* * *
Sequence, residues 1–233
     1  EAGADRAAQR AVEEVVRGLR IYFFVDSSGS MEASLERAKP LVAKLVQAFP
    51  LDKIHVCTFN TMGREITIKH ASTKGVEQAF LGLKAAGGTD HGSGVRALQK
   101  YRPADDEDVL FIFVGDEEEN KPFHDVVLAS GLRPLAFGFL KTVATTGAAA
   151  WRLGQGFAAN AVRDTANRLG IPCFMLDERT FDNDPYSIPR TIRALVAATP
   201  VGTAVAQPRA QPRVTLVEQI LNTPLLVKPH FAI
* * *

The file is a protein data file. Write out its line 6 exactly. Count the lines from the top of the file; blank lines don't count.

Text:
   201  VGTAVAQPRA QPRVTLVEQI LNTPLLVKPH FAI